Brad Keselowski staved off a major pile-up and stiff competition to win the NASCAR Sprint Cup race at Daytona, putting him top of the Chase grid.
The determined Penske driver moved up from fifth into the front two rows of the drafting pack early on and held his position, despite suffering overheating trouble after debris got caught in his Ford’s radiator on lap 63 of the planned 160. He took the lead from Denny Hamlin just past half-distance and only occasionally lost it to the aggressive challenges of Kurt and Kyle Busch and teammate Logano.
Starting the tense final lap, Keselowski led a three-wide team of pursuers that then lost a follower when Kurt Busch spun out at the final turn. His brother Kyle, Trevor Bayne and Logano followed Keselowski over the line.
It wasn’t made official until he crossed the finish line but Keselowski actually won the Coke Zero 400 thanks to a daring pass of Kyle and Kurt Busch with 16 laps remaining.
“It’s definitely the best car I’ve ever had here at Daytona but I don’t know if it was the strongest car I’ve ever had,” Keselowski said. “We’ve had some good cars over the years at probably Loudon, Kentucky and a handful of other races, but this is definitely the best car I’ve ever had at Daytona, and I’m glad I didn’t waste it.”
Busch has now finished second to Keselowski in each of the past two restrictor plate events and the defending Cup champion could only give credit where it was due.
“It seemed that Brad just had way more maneuverability than anybody – but especially more than I did,” Busch said. “I don’t know how he got the kind of run that he got, but when he got it down the frontstretch getting into Turn 1 and was able to turn to the bottom … my car would just be loose doing that. Mine would over-rotate on me and I just never had the opportunity to try that.”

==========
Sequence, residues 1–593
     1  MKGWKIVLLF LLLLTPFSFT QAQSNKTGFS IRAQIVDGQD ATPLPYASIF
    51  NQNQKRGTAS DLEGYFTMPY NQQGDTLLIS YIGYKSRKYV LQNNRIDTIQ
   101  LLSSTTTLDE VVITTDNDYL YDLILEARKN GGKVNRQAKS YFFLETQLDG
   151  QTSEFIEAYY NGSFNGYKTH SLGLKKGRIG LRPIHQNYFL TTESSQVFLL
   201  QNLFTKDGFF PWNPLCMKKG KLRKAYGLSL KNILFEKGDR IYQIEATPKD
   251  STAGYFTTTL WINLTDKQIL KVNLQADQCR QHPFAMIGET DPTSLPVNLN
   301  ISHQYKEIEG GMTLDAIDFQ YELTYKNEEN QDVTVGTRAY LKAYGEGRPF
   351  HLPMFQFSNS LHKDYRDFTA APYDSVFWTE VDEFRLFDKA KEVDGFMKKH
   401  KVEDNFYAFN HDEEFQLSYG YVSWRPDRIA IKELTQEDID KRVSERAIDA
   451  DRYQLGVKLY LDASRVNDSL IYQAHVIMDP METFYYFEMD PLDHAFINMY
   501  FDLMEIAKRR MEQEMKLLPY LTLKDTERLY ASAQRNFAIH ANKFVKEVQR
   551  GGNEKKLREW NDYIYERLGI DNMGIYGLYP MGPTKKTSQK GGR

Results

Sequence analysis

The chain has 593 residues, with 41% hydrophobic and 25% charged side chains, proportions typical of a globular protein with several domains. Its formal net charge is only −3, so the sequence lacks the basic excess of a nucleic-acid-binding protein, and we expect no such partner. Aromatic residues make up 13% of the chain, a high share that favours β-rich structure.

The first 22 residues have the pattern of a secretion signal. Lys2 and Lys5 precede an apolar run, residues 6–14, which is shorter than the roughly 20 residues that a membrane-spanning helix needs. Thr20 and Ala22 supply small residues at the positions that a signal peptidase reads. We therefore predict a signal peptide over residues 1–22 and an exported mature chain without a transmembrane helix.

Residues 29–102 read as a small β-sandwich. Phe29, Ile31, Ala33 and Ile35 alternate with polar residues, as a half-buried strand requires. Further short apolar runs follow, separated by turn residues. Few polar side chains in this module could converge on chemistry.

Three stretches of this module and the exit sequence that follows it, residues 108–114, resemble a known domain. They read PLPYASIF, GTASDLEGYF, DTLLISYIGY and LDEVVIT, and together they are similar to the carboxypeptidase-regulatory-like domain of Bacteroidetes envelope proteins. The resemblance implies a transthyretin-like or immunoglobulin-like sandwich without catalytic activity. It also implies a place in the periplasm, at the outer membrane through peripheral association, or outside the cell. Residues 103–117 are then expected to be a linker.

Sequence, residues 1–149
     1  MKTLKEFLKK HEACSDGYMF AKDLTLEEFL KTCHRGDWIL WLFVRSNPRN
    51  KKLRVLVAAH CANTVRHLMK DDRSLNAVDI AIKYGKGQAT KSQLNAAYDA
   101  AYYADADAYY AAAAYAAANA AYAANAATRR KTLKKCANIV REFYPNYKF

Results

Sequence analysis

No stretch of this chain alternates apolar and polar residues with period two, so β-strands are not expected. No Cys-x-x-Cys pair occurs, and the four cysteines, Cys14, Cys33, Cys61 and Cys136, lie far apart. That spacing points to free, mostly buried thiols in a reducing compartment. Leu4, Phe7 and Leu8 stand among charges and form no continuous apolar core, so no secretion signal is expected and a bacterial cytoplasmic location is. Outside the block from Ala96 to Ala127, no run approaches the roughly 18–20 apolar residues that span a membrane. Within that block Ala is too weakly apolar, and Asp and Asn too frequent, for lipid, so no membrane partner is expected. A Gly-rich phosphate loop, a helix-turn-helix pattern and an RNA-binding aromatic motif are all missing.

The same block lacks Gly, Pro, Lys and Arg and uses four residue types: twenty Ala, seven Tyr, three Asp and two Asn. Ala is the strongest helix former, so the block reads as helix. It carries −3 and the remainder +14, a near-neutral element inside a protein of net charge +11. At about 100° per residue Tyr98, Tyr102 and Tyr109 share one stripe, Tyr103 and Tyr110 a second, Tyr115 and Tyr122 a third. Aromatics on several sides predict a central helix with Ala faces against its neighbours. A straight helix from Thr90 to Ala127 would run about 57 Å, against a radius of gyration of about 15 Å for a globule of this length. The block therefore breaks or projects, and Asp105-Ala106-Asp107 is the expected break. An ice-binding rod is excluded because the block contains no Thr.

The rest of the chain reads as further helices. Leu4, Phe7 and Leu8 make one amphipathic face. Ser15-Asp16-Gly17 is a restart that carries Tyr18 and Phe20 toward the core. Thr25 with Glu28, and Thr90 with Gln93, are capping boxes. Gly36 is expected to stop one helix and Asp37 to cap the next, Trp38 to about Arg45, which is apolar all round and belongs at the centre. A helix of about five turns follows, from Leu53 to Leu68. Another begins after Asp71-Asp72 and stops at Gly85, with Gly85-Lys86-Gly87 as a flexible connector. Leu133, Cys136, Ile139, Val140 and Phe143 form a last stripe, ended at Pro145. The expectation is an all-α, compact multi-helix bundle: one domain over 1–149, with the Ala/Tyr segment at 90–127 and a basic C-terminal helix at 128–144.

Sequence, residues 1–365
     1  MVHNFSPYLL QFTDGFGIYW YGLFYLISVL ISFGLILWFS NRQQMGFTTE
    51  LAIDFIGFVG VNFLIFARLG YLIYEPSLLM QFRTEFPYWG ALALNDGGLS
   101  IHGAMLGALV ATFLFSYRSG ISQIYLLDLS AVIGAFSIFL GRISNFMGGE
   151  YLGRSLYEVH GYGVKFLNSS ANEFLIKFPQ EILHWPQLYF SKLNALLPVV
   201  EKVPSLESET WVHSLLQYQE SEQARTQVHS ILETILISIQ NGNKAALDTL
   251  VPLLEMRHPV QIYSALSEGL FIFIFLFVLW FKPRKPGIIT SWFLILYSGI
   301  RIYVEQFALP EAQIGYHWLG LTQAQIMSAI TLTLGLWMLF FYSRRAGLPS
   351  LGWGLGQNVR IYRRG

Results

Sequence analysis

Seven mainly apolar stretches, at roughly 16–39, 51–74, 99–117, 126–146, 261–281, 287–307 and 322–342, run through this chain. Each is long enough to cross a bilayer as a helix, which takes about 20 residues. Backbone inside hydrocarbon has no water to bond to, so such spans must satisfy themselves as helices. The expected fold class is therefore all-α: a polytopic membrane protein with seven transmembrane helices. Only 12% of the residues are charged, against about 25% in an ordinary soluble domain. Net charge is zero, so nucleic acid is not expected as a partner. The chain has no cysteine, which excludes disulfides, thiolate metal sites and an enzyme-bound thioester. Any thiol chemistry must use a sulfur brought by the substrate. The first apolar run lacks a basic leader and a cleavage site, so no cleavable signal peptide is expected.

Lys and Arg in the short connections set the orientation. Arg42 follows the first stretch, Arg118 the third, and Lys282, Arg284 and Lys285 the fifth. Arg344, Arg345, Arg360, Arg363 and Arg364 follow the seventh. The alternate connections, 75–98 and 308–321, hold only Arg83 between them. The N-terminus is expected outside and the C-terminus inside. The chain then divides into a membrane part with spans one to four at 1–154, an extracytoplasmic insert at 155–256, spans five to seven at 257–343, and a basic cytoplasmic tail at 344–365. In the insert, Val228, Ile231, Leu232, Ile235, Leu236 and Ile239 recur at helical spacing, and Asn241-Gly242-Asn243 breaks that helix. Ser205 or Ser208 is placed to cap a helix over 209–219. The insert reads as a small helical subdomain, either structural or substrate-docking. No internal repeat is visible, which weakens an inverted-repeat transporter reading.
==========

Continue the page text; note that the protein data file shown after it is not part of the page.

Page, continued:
Busch thinks he maybe could have tried to block Keselowski but suspects it would have resulted in a crash.
“You know, I could probably have turned down a little quicker but I probably would have got turned and that wouldn’t have been good for anybody.”
Keselowski’s constant presence up front saved him from getting caught up in a major incident just over halfway through, caused when Jimmie Johnson slid his Hendrick Chevrolet across the track and collided with Jamie McMurray, taking out half the pack.
After contact with the Ganassi driver, Johnson lost the back end, spun and set off a crash that involved 22 cars, resulting in several retirements including Chase Elliott, Kevin Harvick and Paul Menard.
Harvick experienced the worst of the incident when Brian Scott’s Richard Petty Ford flew over his windshield and took them both out of the race. Scott described the crash as “one of the more wild wrecks” he’s been involved in.
Polesitter Greg Biffle also lost out heavily during the pile-up, restarting in 23rd and then receiving a penalty during the next round of pit stops for having too many crew members over the wall. Despite that, he bought his Roush Fenway Ford home to finish eighth.
Last week’s surprise Sonoma winner Tony Stewart had his hopes dashed late in the night when his Chevrolet suffered from oversteer with 12 laps left and he overcorrected, causing him to drift sideways and catch the cars of Casey Mears and Carl Edwards before cruising to a stop and retiring.
Quotes by Matt Weaver